That seems too much to ask yet it's exactly what has to happen. Fix that, and I suspect junior officer attrition will begin to fix itself.

MARK R. LEWIS
AlexandriaTo say, as retired Army Lt. Gen. Edward L. Rowny says, that junior officers are leaving the armed services because they receive a reserve commission instead of a regular commission is to vastly oversimplify a complicated issue.
I have borne witness to this exodus and, on several occasions, have been tempted to join it. Ultimately, I elected to stay and to serve. But many of my colleagues some my closest friends in life chose to leave, and their reasons are legion.
A few left on moral grounds, deeply disillusioned and frustrated that the military has become the test bed for every new pet political theory, regardless of its effect on training. Others were tempted by lucrative job offers by companies eager for responsible leaders to fill their management ranks. Some simply did as they planned, exiting after having received a great education and initial job experience on the cheap, all while serving their country honorably.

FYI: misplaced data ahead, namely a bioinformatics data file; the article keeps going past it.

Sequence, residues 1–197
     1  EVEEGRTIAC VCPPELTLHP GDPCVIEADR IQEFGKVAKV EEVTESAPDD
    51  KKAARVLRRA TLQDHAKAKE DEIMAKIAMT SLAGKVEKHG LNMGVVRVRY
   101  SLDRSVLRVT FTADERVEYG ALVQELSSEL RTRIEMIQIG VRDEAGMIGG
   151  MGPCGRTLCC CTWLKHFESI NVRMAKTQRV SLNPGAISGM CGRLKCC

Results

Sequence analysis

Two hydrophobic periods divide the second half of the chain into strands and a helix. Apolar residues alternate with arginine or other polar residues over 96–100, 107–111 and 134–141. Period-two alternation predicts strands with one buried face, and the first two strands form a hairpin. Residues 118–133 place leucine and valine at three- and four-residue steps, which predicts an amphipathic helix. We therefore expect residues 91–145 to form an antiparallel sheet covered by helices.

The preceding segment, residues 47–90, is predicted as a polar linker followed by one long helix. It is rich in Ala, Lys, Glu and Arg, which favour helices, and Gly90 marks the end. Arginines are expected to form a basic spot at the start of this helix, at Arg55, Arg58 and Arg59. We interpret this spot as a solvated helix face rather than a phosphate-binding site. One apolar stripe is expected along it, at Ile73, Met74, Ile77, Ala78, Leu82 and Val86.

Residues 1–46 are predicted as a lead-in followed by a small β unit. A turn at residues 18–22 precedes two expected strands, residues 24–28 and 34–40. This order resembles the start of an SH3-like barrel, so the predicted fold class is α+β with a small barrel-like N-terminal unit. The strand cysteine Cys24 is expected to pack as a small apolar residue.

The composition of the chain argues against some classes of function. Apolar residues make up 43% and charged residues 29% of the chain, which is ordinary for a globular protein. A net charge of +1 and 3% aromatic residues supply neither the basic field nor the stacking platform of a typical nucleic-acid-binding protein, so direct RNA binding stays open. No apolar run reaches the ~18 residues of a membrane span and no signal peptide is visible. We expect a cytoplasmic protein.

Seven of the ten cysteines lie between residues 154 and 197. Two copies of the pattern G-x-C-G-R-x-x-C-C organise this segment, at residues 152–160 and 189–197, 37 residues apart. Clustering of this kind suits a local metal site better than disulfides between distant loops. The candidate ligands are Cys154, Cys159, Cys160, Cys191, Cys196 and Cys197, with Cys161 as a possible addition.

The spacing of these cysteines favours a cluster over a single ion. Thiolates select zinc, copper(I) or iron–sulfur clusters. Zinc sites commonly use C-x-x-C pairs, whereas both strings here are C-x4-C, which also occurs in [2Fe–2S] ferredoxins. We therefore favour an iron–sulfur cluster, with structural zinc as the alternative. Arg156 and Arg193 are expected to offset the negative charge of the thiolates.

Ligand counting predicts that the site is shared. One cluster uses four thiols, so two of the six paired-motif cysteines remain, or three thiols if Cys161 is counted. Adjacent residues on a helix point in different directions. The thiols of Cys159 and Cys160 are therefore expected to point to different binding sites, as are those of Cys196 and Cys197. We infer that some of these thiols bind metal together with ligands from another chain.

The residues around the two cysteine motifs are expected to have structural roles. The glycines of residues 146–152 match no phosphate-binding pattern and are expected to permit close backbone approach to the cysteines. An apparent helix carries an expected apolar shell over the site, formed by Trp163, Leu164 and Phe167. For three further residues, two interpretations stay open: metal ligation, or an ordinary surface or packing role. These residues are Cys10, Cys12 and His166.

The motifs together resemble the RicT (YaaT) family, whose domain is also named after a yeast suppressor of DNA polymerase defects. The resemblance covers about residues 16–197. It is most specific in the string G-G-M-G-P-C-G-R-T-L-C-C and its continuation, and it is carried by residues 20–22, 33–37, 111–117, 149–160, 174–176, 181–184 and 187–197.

I have heard rumblings from service academy grads about now having to compete with the rank-and-file for regular slots after three years. In truth, though, this is simply an annoyance to them. Most of them are such good officers that they easily qualify for augmentation to the regular commissioned ranks.
I agree completely with Gen. Rowny that the universal reserve commission is a bad idea and a slap in the face to service academy grads, but it is not by any means the reason for the dearth of junior officers.

SHAUN FITZPATRICK
Nicosia, CyprusAs a retired officer, I read Gen. Edward L. Rowny's Op-Ed piece "Facing a withdrawal of officers" with interest. I agree totally with the need to retain "strong leadership" in small units. To suggest, however, that the way to achieve that goal is to repeal Section 501 of Public Law 102-190 is simply rubbish.